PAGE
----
5. If the owner abandons the animal and recontacts the veterinarian, at which point does the 14-dav period begin?
From the point that the veterinarian officially and originally notifies the owner that he or she has 14 days to make contact and settle the matter with the veterinarian.
6. What recourse does the veterinarian have to protect his or her interests in these kinds of situations?
If there is concern on the part of the veterinarian about payment for professional services, a retainer or deposit might be required before the services are rendered. An alternative course of action for a veterinarian to ensure future payment by a client who is not able to pay for the services when they are rendered, would be to consult with their private attorneys for advice on the various securities which might be required or other methods by which debts for veterinary services might be lawfully collected through the court process or otherwise.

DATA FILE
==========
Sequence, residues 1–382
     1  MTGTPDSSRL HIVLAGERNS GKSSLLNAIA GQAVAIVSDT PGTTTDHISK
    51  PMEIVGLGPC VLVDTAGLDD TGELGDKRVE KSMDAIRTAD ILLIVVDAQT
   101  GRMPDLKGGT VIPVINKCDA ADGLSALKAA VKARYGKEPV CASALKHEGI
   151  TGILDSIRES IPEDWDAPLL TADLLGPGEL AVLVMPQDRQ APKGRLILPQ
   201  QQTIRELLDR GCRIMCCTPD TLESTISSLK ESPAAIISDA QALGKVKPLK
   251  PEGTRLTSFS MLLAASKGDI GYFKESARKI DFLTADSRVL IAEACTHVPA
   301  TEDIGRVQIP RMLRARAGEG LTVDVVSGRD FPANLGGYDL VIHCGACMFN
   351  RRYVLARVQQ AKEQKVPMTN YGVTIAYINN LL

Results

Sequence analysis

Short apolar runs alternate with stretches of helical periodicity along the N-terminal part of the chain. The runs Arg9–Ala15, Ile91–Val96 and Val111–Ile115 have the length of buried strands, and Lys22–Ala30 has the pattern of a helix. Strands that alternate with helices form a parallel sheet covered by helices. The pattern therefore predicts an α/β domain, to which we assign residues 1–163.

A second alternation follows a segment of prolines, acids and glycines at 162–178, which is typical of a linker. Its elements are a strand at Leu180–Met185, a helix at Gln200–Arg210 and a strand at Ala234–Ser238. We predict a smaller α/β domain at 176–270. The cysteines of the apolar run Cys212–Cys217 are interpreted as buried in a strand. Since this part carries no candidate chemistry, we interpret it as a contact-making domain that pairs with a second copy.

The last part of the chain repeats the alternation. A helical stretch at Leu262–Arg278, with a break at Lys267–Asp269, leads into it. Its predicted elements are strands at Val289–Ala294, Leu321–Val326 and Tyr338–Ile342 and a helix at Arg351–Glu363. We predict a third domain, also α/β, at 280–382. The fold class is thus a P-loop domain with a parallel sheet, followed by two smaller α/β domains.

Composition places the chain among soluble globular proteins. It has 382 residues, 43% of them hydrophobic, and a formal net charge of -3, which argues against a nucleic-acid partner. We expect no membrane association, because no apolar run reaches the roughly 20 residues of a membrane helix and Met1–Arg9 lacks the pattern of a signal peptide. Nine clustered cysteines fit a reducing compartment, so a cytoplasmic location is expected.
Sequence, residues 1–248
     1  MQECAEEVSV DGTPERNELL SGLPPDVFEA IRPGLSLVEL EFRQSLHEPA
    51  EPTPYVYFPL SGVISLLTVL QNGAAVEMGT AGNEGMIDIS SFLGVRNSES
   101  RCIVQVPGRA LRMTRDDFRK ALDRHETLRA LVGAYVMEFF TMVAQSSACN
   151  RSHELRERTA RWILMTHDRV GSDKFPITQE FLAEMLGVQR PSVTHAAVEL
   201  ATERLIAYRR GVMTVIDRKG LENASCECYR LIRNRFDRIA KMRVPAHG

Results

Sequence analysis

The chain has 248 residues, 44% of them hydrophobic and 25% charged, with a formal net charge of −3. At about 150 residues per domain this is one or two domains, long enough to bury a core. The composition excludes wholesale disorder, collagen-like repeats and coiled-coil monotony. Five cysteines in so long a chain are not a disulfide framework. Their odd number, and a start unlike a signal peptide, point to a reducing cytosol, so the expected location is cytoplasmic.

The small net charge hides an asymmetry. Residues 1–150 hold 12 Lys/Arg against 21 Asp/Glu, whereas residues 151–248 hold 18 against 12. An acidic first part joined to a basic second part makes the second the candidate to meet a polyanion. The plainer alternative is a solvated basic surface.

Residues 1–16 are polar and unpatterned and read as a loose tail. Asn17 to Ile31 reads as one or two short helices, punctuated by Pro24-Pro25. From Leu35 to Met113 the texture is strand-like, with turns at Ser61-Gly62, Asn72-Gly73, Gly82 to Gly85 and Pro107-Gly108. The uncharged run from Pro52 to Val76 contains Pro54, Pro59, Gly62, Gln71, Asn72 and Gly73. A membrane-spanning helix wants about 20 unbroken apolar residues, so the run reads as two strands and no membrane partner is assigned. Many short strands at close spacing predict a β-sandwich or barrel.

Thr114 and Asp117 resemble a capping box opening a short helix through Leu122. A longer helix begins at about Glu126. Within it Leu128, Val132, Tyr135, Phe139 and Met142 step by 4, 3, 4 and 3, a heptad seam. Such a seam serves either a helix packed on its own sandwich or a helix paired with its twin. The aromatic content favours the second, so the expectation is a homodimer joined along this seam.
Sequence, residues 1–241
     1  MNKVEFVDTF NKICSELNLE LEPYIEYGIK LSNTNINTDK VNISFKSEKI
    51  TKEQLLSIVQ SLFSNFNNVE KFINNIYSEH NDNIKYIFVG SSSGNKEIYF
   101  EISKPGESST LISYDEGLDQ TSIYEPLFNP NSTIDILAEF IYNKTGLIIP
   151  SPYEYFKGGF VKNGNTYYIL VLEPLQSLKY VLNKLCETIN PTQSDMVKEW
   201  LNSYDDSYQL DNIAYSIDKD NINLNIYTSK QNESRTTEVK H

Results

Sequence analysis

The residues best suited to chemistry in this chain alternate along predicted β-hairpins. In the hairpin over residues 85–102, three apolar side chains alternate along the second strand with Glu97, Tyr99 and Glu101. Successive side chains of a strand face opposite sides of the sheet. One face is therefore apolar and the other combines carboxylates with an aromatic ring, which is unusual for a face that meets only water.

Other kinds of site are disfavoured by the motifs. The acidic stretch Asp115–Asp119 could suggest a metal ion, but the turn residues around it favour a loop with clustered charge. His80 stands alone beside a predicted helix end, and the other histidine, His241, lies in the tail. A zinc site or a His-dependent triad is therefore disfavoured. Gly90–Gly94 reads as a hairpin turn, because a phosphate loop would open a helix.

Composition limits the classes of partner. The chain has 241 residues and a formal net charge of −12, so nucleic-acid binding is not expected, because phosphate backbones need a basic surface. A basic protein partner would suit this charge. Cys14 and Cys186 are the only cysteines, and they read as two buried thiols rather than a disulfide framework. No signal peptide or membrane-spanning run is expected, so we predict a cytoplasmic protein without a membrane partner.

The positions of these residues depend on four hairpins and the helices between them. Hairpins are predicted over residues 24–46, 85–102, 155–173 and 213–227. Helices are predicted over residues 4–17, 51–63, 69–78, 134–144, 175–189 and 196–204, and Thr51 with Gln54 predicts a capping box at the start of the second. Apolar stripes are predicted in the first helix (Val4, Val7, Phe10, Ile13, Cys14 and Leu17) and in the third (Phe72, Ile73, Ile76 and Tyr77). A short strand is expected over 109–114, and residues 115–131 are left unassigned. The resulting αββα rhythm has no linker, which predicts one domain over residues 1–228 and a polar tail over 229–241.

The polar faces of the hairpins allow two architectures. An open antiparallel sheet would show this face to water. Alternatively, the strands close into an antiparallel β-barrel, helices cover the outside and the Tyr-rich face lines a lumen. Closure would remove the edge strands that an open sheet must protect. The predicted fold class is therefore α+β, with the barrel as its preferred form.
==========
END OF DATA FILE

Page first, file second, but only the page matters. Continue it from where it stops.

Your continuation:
CVMA members, click here for additional frequently asked questions and answers pertaining to lien and abandonment laws.
If you have any other questions regarding these provisions and legal opinions, or if you wish to receive further information, including copies of the applicable laws, please contact the CVMA at (916) 649-0599 or at email@example.com; or the Veterinary Medical Board, at (916) 515-5220 or firstname.lastname@example.org.